The Stable as viewed from N Maple Ave
Holding on to dear life
Old and withered yet standing tall and strong
While walking down North Maple Ave to take some pictures, I noticed this tree (second photo) holding on to a few leaves and that set me thinking ….
Holding on to dear life-What does it mean ???
Holding on for dear life is our reaction to when life is falling apart, and we desperately need something solid to grab while we weather the storm, so we don’t fall apart too.
We all know that life is constantly changing and nothing is permanent. The phrase can be redefined to mean something else too. There are some things that mean a lot to us and are dear. They give us the comfort and confidence we need to weather any storm – friendship, family, faith, hope, trust, values, morals etc. But we should be ready to let go off the stuff that weighs us down like clutter, guilt, fear, insecurity and anger.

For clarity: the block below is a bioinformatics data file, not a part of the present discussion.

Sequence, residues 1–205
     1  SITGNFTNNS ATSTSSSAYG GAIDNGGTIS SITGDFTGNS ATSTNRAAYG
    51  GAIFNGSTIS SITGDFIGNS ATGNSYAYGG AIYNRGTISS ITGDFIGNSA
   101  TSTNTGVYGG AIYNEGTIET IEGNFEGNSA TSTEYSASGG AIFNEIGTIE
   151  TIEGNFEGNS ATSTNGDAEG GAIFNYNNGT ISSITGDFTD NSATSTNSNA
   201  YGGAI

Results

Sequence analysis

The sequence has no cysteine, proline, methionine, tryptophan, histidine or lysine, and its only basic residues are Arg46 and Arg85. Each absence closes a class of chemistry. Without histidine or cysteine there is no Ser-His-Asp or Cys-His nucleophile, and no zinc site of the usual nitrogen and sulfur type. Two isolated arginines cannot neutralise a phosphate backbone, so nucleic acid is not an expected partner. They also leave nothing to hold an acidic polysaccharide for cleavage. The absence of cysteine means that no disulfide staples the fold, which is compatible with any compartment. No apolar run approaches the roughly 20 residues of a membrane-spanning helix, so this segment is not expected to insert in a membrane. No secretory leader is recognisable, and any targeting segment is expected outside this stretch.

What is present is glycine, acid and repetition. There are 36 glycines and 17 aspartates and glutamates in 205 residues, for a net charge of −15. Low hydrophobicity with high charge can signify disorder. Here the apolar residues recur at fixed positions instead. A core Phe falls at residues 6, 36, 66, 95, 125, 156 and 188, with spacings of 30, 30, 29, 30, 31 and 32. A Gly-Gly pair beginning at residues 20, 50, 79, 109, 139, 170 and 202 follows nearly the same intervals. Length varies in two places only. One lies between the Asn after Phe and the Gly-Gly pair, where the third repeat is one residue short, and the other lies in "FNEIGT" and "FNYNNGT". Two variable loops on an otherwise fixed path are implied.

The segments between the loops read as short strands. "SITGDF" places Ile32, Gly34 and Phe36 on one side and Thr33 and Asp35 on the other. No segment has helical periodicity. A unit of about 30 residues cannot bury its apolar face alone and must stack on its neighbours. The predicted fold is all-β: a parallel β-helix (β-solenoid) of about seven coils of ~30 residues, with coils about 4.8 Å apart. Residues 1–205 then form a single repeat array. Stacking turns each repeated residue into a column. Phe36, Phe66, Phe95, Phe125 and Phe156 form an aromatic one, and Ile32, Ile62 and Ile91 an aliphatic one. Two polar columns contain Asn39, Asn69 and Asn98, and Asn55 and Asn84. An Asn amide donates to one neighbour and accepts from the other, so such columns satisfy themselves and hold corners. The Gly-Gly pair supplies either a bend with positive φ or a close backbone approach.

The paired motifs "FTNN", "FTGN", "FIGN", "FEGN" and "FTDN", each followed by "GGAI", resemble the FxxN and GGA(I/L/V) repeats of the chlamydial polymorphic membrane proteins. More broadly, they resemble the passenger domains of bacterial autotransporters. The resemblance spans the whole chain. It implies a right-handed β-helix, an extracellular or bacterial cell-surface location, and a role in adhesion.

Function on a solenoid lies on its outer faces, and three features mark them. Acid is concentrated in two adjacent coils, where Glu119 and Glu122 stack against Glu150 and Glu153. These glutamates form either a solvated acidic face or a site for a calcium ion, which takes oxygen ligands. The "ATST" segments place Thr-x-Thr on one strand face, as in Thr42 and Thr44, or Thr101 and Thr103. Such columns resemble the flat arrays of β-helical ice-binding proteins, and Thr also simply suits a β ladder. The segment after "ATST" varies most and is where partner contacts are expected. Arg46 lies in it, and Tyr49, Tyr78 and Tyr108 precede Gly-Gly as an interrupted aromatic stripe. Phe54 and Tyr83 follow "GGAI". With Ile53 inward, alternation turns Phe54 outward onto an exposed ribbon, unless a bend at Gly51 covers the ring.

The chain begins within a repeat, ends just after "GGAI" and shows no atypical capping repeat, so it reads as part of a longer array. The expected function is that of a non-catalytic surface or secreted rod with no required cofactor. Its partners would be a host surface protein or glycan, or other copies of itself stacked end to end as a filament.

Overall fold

Most importantly, WE SHOULD hold on to each other. We have to hold on, lift each other up, comfort one another.
Located right outside a large park in the center of town in East Ridgewood-Van Neste Square is this cute sculpture of a buy with ice cream cone and a puppy. This park is the hangout spot for most teens and the town hosts most of the town events at this park. Today the park was covered in snow and looked very pretty.
There is beauty in everything including death, decay, the transience of life and the fragility of our existences. Death is natural, irreversible, an inevitable part of life and if we look close enough we can all see the beauty in it. The photographs below are a classic representation of this.
Dying flowers epitomize this and show that time drains them of their colors, dehydrates their energetic petals and turns them into brittle receptacles. Yet while dried, dying and dead, they are still beautiful and even more beautiful for their fragility.
Death gives us the opportunity to be thankful for life and allows us to embrace the joys of living.